|Photo by John R. Gwaltney, Southeastern Flora.com|
|Division:||Magnoliophyta - Flowering plants|
|Class:||Liliopsida – Monocotyledons|
| Sisyrinchium nashii|
|Natural range of Sisyrinchium nashii from USDA NRCS Plants Database.|
Common name: Nash's blue-eyed grass
Synonym: Sisyrinchium fibrosum E.P. Bicknell
A description of Sisyrinchium nashii is provided in The Flora of North America.
In the Coastal Plain in Florida and Georgia, S. nashii occurs in limestone glades, longleaf pine/scrub oak communities, longleaf pine/wiregrass flats, slashpine woodlands bordering a tidal marsh, Cyrilla-Cliftonia thickets, and xeric oak/saw palmetto scrubs. Soil types include loamy sand, sand, and sandy loam. Associated species include Sarracenia minor, Calopogon, Schoenus nigricans, Sporobolus vaginiflorus, Dichanthelium commutatum, Polygala boykinii, and Echinacea purpurea.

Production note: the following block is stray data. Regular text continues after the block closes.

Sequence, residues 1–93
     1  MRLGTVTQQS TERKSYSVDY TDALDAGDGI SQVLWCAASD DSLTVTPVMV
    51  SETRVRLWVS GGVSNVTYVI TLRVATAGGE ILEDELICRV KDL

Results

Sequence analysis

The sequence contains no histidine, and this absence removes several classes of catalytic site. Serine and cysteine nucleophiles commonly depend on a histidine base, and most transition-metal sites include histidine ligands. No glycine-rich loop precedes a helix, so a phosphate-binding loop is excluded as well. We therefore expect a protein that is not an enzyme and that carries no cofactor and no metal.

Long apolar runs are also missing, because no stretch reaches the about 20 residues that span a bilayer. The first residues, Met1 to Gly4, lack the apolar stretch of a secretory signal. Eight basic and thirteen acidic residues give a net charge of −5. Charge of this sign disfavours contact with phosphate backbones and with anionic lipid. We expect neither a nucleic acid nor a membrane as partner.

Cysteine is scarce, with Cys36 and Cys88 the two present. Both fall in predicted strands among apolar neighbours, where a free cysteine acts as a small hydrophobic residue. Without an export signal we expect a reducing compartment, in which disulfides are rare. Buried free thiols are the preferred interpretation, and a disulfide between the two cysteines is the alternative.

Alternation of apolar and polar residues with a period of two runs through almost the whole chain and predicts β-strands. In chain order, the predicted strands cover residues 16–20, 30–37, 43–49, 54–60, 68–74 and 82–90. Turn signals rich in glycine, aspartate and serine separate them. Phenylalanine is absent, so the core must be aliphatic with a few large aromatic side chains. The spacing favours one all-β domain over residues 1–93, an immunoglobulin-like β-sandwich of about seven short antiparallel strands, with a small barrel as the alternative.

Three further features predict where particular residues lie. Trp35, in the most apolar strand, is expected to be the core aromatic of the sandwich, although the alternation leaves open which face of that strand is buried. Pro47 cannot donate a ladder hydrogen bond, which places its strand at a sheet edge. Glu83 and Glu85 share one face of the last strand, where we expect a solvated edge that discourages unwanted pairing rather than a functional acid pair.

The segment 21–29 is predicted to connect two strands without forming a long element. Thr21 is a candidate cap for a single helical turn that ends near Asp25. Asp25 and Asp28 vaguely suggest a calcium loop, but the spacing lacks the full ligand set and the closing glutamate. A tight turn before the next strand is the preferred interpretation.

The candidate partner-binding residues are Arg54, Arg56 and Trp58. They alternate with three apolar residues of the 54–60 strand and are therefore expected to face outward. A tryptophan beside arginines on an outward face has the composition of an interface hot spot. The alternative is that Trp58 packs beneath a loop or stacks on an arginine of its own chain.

It flowers March through May and fruits April through May.
S. nashii has been observed growing in frequently burned longleaf pine/wiregrass communities.
The following Hymenoptera families and species were observed visiting flowers of Sisyrinchium nashii at Archbold Biological Station: 
Halictidae: Lasioglossum coreopsis
Conservation and management
Cultivation and restoration
Historically, this species was used by the Miccosukee Indians as an analgesic and for moving sickness.
Flowers of Sisyrinchium nashii
Photo by John R. Gwaltney, Southeastern Flora.com
References and notes
- Florida State University Robert K. Godfrey Herbarium database. URL: http://herbarium.bio.fsu.edu. Last accessed: November 2015. Collectors: Loran C. Anderson, Wilson Baker, M. Davis, Angus Gholson Jr., Robert K. Godfrey, Ann F. Johnson, R. Komarek, Cecil R. Slaughter, Bian Tan. States and Counties: Florida: Bay, Columbia, Duval, Franklin, Gadsden, Jackson, Leon, Liberty, Nassau, Osceola, Pasco, Wakulla. Georgia: Baker, Grady, Thomas. Compiled by Tall Timbers Research Station and Land Conservancy.
- Deyrup, M.A. and N.D. 2015. Database of observations of Hymenoptera visitations to flowers of plants on Archbold Biological Station, Florida, USA.